8 Realistic Considerations For Laser Tattoo Removal

Parents who wear tattoos are common. Although others have a negative perception about this, we have to accept the fact that their tattoos have nothing to do with how they raise their kids.

But despite that, there are still people who are judgemental and would think that the tattoos are a manifestation of bad parenting. Many parents prove that this kind of thinking is wrong. However, there are some who prefer to have their tattoos removed. They do this not just for their own sake but for the children as well.

Removal of tattoos is a costly and often quite long-winded effort. But for those who are serious about getting their tattoos removed, here is a realistic guide to how it is achieved.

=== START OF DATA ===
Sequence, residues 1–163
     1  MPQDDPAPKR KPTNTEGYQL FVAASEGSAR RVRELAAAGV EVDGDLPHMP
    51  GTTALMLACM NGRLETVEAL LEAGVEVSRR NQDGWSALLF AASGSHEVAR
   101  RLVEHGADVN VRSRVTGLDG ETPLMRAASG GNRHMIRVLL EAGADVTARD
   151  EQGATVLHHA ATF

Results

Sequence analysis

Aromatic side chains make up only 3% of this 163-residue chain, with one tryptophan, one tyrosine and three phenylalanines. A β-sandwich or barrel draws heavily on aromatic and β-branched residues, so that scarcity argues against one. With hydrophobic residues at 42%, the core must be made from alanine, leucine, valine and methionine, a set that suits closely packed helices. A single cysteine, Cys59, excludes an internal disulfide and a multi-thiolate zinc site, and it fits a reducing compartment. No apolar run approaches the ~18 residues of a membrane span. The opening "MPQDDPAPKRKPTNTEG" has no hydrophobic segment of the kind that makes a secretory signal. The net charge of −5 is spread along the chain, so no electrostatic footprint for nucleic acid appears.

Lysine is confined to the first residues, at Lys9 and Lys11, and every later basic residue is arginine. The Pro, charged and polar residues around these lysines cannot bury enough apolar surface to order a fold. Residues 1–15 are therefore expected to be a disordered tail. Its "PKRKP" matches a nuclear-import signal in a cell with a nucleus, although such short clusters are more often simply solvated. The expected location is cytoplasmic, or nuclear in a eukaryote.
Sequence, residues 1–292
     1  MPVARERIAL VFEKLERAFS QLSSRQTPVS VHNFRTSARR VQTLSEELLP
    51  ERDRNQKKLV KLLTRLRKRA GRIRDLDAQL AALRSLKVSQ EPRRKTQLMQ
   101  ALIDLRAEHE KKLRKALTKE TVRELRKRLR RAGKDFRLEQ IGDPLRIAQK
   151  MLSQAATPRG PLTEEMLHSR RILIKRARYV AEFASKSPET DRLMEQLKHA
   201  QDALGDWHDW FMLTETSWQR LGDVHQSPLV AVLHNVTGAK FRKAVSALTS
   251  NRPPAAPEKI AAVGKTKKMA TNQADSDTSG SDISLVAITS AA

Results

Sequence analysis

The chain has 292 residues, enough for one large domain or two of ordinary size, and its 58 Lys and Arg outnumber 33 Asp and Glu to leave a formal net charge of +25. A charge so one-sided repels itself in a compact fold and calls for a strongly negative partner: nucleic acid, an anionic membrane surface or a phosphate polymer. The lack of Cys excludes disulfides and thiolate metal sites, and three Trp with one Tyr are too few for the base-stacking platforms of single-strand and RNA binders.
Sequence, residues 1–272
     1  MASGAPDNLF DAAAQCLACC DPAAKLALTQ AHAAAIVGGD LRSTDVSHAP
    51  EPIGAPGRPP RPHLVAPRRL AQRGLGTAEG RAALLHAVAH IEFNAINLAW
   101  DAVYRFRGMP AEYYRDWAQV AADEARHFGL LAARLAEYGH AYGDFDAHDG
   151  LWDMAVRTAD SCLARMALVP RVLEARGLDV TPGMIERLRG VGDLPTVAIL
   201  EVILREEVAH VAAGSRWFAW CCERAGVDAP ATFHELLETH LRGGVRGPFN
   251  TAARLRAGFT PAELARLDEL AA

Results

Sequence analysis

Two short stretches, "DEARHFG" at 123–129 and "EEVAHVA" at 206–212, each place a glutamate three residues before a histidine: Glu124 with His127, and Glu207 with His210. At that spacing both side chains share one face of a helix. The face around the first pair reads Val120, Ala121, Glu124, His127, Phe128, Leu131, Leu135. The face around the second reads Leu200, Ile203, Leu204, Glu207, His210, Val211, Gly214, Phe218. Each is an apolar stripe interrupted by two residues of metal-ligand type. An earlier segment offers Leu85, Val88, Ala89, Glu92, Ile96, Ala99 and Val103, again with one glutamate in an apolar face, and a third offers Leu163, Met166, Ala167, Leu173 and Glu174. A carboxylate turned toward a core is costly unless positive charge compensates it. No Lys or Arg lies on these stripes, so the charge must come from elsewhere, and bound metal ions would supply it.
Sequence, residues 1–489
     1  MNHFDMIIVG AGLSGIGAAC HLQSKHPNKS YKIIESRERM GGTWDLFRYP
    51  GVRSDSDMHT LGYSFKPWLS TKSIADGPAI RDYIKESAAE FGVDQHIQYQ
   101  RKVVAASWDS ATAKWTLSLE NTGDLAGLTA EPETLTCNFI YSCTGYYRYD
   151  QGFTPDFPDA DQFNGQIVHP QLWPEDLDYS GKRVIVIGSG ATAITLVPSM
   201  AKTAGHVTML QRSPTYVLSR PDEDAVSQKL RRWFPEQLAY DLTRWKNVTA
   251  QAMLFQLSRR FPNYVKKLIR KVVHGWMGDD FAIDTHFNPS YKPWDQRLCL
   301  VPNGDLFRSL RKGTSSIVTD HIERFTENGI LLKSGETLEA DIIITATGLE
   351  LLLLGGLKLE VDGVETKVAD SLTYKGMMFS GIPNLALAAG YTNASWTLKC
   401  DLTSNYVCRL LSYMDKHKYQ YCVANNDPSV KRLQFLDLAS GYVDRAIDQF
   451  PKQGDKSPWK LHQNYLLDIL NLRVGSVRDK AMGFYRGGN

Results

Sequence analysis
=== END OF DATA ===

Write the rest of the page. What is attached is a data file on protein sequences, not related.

Laser Tattoo Removal

1. Laser tattoo removal is painful - but exactly how painful depends on many factors.

This one is a pretty extreme exaggeration. Like a lot of sensations, laser tattoo removal pain is highly subjective. The level of pain is usually compared to relatively minor irritations, like having a rubber band snapped against your skin. Some people don't even consider it painful - but some people do experience more significant discomfort, like catching a droplet of oil from a hot frying pan.

Besides your personal pain threshold, the location of the tattoo you're having removed matters. The good news is, topical anesthesia is a viable option for tattoo removal. Injections or creams can be used to numb the affected skin. What about the machine responsible for all of this?

2. The laser tattoo removal machine is an impressive piece of technology.

Today, tattoo removal is handled by a machine employing Q-switched lasers. It uses tiny, intermittent bursts of single-color light to send energy into the skin along precise wavelengths. This energy is absorbed by particles of tattoo ink rather than the flesh around them.